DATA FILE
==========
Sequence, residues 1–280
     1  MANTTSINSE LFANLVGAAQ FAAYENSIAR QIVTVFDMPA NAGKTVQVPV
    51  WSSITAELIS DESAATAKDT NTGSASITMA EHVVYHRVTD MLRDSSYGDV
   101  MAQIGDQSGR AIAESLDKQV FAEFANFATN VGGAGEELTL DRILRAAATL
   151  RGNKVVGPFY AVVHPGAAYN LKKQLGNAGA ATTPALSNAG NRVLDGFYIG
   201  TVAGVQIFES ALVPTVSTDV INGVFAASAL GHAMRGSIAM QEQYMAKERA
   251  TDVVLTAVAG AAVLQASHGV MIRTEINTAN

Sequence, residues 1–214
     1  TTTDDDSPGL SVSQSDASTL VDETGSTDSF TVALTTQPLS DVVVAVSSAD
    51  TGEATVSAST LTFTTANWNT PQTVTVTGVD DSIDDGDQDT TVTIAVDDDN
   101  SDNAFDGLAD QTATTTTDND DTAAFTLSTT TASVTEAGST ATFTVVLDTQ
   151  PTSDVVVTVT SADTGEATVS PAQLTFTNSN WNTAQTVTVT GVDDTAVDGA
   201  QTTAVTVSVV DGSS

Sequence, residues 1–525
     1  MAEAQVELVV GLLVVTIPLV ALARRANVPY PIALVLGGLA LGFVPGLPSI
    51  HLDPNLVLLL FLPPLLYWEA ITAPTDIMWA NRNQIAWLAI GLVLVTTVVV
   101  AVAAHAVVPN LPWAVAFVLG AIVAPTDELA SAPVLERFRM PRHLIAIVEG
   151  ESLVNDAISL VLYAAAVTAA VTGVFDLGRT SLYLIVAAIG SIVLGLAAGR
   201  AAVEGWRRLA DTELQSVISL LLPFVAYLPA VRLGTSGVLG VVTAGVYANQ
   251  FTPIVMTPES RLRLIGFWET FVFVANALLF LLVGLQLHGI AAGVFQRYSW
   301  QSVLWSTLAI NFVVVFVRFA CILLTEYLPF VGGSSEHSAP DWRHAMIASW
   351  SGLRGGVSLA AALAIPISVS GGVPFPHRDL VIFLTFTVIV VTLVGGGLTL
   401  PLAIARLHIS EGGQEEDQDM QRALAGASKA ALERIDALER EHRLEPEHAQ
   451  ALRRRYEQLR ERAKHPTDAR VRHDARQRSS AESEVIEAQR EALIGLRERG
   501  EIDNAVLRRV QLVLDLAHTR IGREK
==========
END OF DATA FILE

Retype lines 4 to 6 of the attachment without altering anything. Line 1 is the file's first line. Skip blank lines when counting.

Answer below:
   101  MAQIGDQSGR AIAESLDKQV FAEFANFATN VGGAGEELTL DRILRAAATL
   151  RGNKVVGPFY AVVHPGAAYN LKKQLGNAGA ATTPALSNAG NRVLDGFYIG
   201  TVAGVQIFES ALVPTVSTDV INGVFAASAL GHAMRGSIAM QEQYMAKERA